Offering prayers of gratitude no matter what? It’s not as easy as it sounds
After my rather jolting reversion to the Catholic faith, it’s been an exciting time getting to know this God who created me, my family and the whole universe. Integrating faith at home was a priority. My wife and children, about 5 and 9 at the time, were all too happy to join in this process of talking to God.
We set out to create a ‘prayer schedule,’ praying as a family, first thing in the morning and last thing in the evening, and adding intentions. You know, asking for things. The list became pretty long as we prayed for pretty much everybody that we knew: new acquaintances, people with troubles, pets, you name it. I was working in New York City at the time, so every day there would be the addition of at least one homeless person, so the list grew. In fact, we had to begin writing the names down, lest we forget someone. After a few weeks, though, this got pretty old; prayer time was feeling repetitious and boring, which is not exactly what you strive for in prayer — especially with young children.
Calling a family meeting, we decided to choose one primary intention for each day, a prayer orientation so to speak. Sunday was for the Church and clergy, Monday was for family; Tuesday was for people who had it tough, Wednesday was for marriage and relationships; Friday was for friends and Saturday was for the deceased, and Thursday? My daughter likes to take the credit for coming up with “Thankful Thursday.” In all circumstances give thanks, for this is the will of God for you in Christ Jesus. (1 Thessalonians 5:18)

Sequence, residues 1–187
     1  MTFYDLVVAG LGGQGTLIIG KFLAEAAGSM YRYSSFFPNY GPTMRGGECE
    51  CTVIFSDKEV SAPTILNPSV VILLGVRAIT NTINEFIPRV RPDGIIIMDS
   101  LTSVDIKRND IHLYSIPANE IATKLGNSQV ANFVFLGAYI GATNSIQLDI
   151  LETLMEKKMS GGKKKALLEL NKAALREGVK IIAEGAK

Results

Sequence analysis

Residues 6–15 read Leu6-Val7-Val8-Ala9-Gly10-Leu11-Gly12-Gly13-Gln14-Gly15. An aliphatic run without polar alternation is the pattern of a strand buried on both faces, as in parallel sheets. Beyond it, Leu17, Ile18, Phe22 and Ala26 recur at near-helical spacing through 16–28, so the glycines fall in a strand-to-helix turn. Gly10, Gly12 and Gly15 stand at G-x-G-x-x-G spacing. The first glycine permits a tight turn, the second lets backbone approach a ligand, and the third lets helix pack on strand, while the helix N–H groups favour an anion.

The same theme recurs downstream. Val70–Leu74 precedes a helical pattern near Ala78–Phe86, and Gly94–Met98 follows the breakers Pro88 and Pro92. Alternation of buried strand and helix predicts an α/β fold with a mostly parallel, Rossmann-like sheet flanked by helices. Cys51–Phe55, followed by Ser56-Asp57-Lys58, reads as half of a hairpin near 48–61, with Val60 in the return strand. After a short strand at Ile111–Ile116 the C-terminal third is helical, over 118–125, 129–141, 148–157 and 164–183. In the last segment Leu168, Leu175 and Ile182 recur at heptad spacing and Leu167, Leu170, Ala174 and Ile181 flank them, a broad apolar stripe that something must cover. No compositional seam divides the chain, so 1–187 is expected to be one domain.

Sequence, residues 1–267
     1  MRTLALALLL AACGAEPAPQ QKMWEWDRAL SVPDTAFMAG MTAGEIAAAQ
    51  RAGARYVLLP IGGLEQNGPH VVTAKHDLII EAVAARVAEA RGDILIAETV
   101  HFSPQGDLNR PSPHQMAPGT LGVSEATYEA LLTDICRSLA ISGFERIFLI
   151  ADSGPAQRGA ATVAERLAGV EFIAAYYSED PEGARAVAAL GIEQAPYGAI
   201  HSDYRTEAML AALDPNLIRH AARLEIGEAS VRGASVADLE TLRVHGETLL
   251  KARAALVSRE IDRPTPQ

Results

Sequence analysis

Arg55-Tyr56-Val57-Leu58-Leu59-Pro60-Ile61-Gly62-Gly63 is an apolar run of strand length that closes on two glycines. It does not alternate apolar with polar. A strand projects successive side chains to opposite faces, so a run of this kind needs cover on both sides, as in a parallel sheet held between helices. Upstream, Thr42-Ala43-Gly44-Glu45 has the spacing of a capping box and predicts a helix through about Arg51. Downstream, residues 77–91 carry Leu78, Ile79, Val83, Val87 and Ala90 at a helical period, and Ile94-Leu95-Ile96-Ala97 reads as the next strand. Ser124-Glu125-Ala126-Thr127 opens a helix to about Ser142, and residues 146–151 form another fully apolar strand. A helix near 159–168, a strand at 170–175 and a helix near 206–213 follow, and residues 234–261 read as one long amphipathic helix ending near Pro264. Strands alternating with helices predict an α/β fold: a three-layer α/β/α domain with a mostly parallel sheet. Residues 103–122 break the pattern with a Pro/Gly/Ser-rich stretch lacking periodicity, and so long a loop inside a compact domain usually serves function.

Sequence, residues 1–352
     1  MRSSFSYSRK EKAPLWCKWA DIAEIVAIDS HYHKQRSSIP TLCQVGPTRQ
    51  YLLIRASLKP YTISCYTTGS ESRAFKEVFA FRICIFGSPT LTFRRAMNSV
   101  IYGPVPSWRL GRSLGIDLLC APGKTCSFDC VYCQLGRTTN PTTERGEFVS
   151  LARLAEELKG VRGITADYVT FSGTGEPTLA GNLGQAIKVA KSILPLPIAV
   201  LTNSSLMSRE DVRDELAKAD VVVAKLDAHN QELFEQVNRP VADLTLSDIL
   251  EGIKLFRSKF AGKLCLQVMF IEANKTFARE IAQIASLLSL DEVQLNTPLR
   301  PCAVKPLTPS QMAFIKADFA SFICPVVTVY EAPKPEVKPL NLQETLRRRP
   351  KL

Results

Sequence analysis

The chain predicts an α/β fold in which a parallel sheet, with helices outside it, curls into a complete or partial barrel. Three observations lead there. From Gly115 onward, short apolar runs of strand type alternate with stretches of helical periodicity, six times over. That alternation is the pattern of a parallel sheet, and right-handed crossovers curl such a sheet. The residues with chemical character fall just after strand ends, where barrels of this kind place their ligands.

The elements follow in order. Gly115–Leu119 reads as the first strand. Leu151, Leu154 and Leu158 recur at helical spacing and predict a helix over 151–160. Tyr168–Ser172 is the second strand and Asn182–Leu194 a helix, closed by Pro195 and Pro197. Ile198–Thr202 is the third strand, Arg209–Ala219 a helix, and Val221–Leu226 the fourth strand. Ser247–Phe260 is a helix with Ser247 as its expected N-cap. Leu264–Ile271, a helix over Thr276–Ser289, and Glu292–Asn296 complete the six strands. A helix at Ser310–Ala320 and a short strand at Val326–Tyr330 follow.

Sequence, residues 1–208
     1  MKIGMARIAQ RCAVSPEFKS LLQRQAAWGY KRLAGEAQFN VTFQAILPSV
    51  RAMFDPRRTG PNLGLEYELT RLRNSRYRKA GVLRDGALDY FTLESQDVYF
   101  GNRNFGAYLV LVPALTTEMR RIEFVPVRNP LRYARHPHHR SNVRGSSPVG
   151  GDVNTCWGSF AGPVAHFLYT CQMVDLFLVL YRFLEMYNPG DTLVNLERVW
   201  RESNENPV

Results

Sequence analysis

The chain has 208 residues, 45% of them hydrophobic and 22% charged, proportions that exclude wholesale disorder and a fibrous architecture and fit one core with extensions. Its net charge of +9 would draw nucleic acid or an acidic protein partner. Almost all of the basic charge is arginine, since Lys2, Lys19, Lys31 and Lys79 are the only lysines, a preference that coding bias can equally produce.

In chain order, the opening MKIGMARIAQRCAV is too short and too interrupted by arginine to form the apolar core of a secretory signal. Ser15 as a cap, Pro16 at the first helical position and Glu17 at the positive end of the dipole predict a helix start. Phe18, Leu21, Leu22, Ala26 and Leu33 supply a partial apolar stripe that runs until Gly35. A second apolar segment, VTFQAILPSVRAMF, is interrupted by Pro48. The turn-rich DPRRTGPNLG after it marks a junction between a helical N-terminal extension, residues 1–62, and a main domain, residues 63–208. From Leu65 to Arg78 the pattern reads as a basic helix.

Thus, on Thursdays every single prayer that we utter, regardless of what was going on or whatever disaster was looming, had to be a prayer of thanks.
Why not? This seemed perfect!
It’s not as easy as you might think. We were so used to asking God for literally everything, from healings to getting the dryer to stop squeaking, that spinning every prayer towards gratitude was an epic struggle. On every other day we could rattle off our intentions without missing a beat, but on Thursdays everyone was drawing blanks, and straining to find gratitude. “Thanks for our family and friends, your love and your mercy … Amen.”
In theory, we should have been able to go on without end about the things we are thankful for, but, in practice, not so much at first.
But Thankful Thursday presented us with precisely the challenge we needed; to take the time to really consider the literally countless blessings God has bestowed on us. It provoked a lot of conversation at prayer time as we helped one another identify the things we should be grateful for.
Over the years it re-formed us, tuned us in to what God really deserves from us –our gratitude. The effects have been nothing short of transformational as we’ve discovered how clearly gratitude is the root of awe, and of authentic joy. We’ve learned that if you can find your way back to awe, you become like a little child again — full of wonder at the great mystery and gift of creation – full of joy that we have been created at all, and allowed to experience this journey of life together in our relationships, and to have a genuine connection, a real, living bond with the One who formed it all.
And that’s something to be grateful for.
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